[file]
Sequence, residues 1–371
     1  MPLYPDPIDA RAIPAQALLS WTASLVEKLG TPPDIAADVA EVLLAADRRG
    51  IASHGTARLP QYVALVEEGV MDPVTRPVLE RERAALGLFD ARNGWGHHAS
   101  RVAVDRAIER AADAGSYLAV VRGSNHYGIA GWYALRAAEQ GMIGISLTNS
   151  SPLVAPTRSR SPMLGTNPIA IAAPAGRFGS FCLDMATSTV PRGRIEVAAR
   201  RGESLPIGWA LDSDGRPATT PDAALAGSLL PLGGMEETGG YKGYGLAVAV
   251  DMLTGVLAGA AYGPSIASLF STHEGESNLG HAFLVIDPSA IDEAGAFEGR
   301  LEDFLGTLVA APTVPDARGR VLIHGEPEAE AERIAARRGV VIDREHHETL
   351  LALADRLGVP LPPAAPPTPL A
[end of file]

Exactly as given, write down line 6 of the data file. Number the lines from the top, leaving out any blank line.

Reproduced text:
   201  RGESLPIGWA LDSDGRPATT PDAALAGSLL PLGGMEETGG YKGYGLAVAV